GC at the The Majlis points out Obama's thundering silence:
As a journalist covering this story, it's been striking to see Washington's irrelevance over the last 72 hours. We've heard almost nothing from Obama or other US officials -- one 20-second sound bite from Hillary Clinton, that's it -- compared with (literally) hours of material from Turkish, Israeli, Arab and European leaders. The White House has gone out of its way to avoid taking a high-profile stance on the flotilla attack.
But here's the thing: Nobody in the Muslim world seems surprised! After the US ran interference for Israel at the United Nations, there wasn't much anger in the Arabic press. Instead there was mostly a sense of cynicism, like nobody expected America to behave differently.
We've seen a few anti-American protests over the last few days -- there was a small demonstration outside the US consulate in Adana, for example -- but overall there's been very little vitriol directed at the United States.
It's not for lack of interest in the flotilla attack, which has been covered almost non-stop on Arabic news networks for three days. But you get the sense nobody had higher expectations for the White House.
So when Gibbs says Obama's weak response won't affect his outreach to the Muslim world, maybe he's right. Obama's outreach has been stalling for months, particularly in the Arab world. He increasingly looks like just another American president: The promises of his Cairo speech are fading, he refuses to take strong public stands against Israel, and he's carrying on many of the Bush administration's most inflammatory policies (stepping up drone strikes, failing to close Guantanamo Bay, etc.).
The flotilla attack was a golden opportunity for Obama to reverse that trend, to demonstrate that he's serious about shifting US policy in the region. He passed on that opportunity -- and, in doing so, merely confirmed what many people in the region already suspected about his presidency.
While the US is now backing some relief for the Gaza blockade, no real change of approach is being seriously considered, apparently. They want to relieve the blockade, not really end it and restore Palestinian economic integrity.
Joe Biden says the problem is Hamas, Laura Rozen points out:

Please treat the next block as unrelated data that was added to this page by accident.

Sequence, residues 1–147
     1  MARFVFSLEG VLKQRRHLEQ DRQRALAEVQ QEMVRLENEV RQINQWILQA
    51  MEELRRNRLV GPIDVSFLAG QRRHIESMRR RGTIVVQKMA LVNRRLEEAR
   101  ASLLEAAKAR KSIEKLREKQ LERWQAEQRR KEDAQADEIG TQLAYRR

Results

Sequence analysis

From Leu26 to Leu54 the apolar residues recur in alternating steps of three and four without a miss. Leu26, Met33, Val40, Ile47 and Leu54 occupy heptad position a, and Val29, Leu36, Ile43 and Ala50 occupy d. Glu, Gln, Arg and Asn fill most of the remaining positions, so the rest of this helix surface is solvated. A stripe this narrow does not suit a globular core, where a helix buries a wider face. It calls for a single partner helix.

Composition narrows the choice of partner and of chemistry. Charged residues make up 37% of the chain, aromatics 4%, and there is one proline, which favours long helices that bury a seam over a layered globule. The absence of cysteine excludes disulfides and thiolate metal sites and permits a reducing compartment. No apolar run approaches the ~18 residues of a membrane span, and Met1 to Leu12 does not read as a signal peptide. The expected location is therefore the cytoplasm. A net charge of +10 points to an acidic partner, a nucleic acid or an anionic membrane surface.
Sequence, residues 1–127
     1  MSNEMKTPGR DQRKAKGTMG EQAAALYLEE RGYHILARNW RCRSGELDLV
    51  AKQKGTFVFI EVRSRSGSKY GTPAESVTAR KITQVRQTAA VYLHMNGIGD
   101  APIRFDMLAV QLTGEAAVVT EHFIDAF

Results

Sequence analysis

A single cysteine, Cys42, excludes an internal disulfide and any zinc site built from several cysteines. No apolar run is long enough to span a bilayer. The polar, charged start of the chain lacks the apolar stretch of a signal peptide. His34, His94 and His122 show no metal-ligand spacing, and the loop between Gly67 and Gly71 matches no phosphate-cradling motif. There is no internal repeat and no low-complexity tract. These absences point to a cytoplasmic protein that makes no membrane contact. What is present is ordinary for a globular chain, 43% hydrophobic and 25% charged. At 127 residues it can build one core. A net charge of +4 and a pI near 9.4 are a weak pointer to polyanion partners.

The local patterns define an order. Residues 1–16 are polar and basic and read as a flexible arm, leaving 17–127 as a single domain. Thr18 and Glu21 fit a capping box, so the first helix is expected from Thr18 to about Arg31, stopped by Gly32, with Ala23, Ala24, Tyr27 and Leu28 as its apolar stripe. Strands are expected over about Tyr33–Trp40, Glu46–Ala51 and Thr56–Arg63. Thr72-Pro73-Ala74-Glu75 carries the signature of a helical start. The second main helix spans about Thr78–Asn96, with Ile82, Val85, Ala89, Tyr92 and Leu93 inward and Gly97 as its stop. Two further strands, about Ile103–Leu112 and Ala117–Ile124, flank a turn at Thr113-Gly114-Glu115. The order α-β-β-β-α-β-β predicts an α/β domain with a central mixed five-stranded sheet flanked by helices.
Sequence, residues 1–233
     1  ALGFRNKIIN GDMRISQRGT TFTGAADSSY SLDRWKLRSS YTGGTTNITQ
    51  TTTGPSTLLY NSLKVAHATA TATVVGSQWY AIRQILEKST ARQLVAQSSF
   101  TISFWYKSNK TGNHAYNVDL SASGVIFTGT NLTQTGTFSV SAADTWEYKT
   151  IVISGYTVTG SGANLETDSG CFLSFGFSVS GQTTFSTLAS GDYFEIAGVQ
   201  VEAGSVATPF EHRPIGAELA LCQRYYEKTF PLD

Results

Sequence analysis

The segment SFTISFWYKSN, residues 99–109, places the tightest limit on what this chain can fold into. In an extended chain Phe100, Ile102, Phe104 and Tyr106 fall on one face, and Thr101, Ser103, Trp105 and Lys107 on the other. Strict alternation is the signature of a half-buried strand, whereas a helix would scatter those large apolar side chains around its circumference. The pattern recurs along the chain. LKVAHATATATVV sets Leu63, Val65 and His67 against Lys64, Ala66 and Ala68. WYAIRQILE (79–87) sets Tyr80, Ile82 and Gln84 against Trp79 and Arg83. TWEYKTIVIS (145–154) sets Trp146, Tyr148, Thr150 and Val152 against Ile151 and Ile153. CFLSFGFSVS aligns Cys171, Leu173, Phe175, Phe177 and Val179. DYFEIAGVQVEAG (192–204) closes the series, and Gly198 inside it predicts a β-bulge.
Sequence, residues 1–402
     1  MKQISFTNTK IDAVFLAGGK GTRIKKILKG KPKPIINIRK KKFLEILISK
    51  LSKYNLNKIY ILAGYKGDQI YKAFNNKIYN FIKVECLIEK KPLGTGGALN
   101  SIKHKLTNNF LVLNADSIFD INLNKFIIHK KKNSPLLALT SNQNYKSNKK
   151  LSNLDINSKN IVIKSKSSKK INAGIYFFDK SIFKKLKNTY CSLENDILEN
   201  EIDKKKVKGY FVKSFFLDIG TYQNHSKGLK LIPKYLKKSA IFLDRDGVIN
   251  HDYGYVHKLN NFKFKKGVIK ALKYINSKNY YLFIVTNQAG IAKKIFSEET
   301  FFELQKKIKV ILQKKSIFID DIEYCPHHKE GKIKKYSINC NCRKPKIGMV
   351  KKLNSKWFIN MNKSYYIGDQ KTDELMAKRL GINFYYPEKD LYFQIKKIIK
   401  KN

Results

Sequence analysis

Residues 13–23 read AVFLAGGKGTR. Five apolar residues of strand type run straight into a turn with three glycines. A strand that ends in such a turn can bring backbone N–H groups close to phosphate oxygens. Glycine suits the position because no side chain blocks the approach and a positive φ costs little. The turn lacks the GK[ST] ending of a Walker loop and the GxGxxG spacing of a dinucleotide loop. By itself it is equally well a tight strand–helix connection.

The Vice President also said Hamas shares blame for Palestinian suffering and said Hamas should join a Palestinian reconciliation government with its political rival, Fatah.
"So the problem is this would end tomorrow if Hamas agreed to form a government with the Palestinian Authority on the conditions the international community has set up," Biden said.
Except the "international conditions" are ridiculous and designed to prevent a national unity government while going ahead with a West Bank First policy. Rozen cites Biden's interview with Charlie Rose:
Joe Biden: Yes, we know that, but they could have easily brought it in here and we'd get it through. And so now the question is what do we do? Well, we had made it clear, the President of the United States has spoken three times, yesterday with Bibi, or the day before yesterday, he's spoken once yesterday with a guy that I have spent a fair amount of time with, with Prime Minister Erdogan in Turkey; the Turks, we passed a resolution in the U.N. saying we need a transparent and open investigation of what happened. It looks like things are --
Charlie Rose: International investigation --
Joe Biden: Well, an investigation run by the Israelis, but we're open to international participation, just like the investigation run on the sunken sub in — off the coast of Korea. That was run by South Korea, but the international community joined in that investigation. And so that is very possible here as well. I might add by the way for all those who say the Israelis, you know, you know, you can't trust them, the Israeli Supreme Court ruled today that every one of the people on those ships had to be released immediately, immediately.
So in the Korean case, the victim gets to do the investigation, whereas in the flotilla case, it's the aggressor? Of course, no surprise to see this: AIPAC embraces Biden statement.
The Obama administration has no moral ground to stand on in this case, so it's either spinning by keeping focus on the investigation rather than ending the blockade or keeping silent. Shameful. The US needs a clean break in its relationship with the Israeli regime, a radical departure. Will we ever get it?
Because the other alternative will become, over time, at the region's stronger states solving the problem by excluding the United States, rather than calling for it to play a greater role. Right now, the net balance points towards Washington being a liability for regional peace — in Iraq, in its attitude towards Iran, and of course in its defense of Israel no matter what.